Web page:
John Hartson: Big heart & balls
What better way to celebrate St.Davids day than in the company of Welsh footballing legend John Hartson who joined a lunch on behalf of the Sussex cricket Foundation to celebrate the occasion. The former footballer, now turned television soccer pundit on BBC and BT Sports, addressed a keen audience on his career and life. John’s successfully played for Luton Town (1992-95), Arsenal (1995-97), West Ham (1997-99), Wimbledon (1999-2001), Celtic (2001-06), and West Bromwich Albion (2006-08). He was a strong centre forward who came from Swansea, Wales where he freely admitted is a Rugby country.
He left his home to join Luton Towns youth training scheme where he came across the manager David Pleat who he struggled to get on with. In training, Pleat would always show John what he should have done with a pass or shot on goal with the continue us patronising phrase ‘The way my mother does it’ or ‘Just kick it into the corner .. just as my mother would do it’. This irritated John. On leaving the club he told him ‘Your mother must have been one hell of a player.’
Hartson moved to Arsenal under George Graham who had complied a star studied line up of players with the likes of Ian Wright, Dennis Bergkamp, Anders Limpar, Paul Merson, David Seaman and Tony Adams. He was in awe of the talent at the club but settled in.
John had not been there long when team mate Paul Merson approached him for some help. Paul had just brought a racehorse and he didn’t want to go on the short club tour of Germany as he wanted to see his horse run its first race. So, he asked John to hard tackle him in training so he can get injured and miss the trip. The session starts, immediately Hartson whacks him. Merson is rolling on the ground in agony. George Graham screams ‘What are you doing? He’s our best player?’. Up jogs Tony Adams, who John remarked was ‘a great leader’, saying ‘Save it John, save it’. Merson gets up and turns to Hartson ‘Any chance you can make it look a little more realistic?’ The game continues, he now cuts Paul Merson almost in half with a tackle, who is on the ground in awful pain. The manager walks off in disgust, Merson doesn’t play for four months, John gets fined six week’s wages and the racehorse was eventually shot!
John went on to West Ham where he worked with Harry Redknapp and unfortunately had another training ground incident captured on camera by a fan which made headlines for all the wrong reasons with a kick in the face on team mate Eval Berkovic in September 1998. The Israeli midfielder had punched Hartson in the leg as he attempted to help Berkovic to his feet. John was fined and admitted in his biography that it was an error of judgement. Berkovic said of the incident “If my head had been a ball, it would have been in the top corner of the net”. This seemed to underline his hard man image. According to John, he recently bumped into Harry, now as a pundit he asked him privately why he left Tottenham. ‘Well’ said an upbeat Redknapp ‘I got a £3 million pay off, and after tax that’s £3.4 million.’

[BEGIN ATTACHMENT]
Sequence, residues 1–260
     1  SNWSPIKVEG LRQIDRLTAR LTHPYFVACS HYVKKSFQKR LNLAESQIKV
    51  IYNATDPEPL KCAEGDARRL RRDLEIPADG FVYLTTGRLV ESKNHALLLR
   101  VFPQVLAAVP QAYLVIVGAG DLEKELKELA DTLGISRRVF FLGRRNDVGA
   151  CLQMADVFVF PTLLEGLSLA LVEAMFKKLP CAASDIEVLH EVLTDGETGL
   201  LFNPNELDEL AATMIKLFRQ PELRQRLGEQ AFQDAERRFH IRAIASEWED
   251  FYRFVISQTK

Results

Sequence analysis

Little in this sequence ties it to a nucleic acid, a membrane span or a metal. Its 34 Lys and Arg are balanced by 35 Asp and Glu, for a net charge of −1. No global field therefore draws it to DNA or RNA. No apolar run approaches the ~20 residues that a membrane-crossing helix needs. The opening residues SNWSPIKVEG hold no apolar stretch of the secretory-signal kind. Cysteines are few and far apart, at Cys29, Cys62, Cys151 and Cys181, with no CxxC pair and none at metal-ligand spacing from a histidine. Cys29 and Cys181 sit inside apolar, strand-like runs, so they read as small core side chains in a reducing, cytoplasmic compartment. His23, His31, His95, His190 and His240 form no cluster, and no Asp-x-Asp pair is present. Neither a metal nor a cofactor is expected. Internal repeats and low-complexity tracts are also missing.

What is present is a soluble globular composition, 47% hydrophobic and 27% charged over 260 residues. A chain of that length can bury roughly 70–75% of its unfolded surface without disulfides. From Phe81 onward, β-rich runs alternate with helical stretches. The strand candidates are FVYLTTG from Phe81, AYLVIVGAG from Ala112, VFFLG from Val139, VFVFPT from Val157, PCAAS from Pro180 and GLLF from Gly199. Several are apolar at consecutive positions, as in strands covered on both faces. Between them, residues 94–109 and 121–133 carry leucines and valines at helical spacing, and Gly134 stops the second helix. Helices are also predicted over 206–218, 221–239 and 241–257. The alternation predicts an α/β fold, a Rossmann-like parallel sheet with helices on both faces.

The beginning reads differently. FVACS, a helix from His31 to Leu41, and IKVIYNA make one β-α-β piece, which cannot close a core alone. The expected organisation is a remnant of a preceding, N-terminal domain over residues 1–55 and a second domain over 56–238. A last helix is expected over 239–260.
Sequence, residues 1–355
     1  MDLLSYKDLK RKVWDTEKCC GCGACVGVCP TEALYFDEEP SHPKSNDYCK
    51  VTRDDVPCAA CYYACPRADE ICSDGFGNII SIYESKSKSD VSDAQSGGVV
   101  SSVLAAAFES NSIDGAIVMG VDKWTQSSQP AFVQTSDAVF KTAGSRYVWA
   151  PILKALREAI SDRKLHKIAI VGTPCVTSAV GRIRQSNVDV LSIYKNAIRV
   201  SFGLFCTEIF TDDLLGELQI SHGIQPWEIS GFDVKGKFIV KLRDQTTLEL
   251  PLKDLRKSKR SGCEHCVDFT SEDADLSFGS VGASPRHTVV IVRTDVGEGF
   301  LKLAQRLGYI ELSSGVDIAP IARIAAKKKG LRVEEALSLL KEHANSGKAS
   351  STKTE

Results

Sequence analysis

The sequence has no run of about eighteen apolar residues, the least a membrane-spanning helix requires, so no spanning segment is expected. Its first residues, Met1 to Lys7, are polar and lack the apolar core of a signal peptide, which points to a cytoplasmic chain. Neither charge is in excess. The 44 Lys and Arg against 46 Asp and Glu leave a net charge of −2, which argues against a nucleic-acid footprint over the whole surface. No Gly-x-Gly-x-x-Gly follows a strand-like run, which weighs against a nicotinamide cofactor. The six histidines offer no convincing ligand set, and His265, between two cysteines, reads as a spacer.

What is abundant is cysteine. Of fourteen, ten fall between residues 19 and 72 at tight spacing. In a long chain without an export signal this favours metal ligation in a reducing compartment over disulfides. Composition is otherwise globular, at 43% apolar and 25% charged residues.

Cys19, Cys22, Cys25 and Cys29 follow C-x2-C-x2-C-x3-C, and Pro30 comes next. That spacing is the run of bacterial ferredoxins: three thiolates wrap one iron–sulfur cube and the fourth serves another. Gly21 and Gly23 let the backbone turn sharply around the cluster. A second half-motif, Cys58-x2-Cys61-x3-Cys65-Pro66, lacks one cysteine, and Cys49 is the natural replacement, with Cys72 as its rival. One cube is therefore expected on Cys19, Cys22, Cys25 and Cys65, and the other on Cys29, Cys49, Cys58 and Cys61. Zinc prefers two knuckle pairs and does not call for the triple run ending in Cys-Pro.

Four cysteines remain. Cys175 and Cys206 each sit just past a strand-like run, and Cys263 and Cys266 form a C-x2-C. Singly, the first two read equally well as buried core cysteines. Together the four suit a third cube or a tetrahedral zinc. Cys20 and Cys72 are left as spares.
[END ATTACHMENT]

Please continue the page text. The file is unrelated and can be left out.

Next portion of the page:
John Hartson played around fifty to sixty games for each of these clubs Luton Town, Arsenal, West Ham and Wimbledon before moving on to Celtic where he made 149 appearances, for a club alongside rivals Rangers, who completely dominate Scottish football. ‘I was hero worshipped for scoring each week against pub sides’ described Hartson.
Although he loved his time at Celtic especially on their European nights.
He is passionate about playing for Wales (1995 – 2005) whom he played 51 times scoring 14 goals, and remains very proud about representing his country, ‘You can’t get higher’. When playing for Wales, he came across fellow countryman and controversial footballer Craig Bellamy, who was not that bright, indeed ‘he struggled to spell OXO backwards’. Once he ordered a medium size pizza and the guy said to him do you want it cut into four or eight slices? He replied ‘Four …. I couldn’t eat eight’.
However, John’s comfortable lifestyle was given a massive jolt when in 2009 he was diagnosed with testicular cancer which made its way into his brain. John feared the worst, on being told by the hospital how bad it was. He drove home in tears to tell his wife. John went through drastic chemotherapy, with the chances of recovery slim. In the next moments of his talk we saw who John Hartson the man really was. This fight which he eventually won changed his perception on life. It was clear as he spoke with real emotion and concern for others who he said ‘had not been as lucky’ with their personal battle, his outlook had altered. He set up the John Hartson foundation to increase awareness of the disease as well as to raise funds to support others affected by cancer.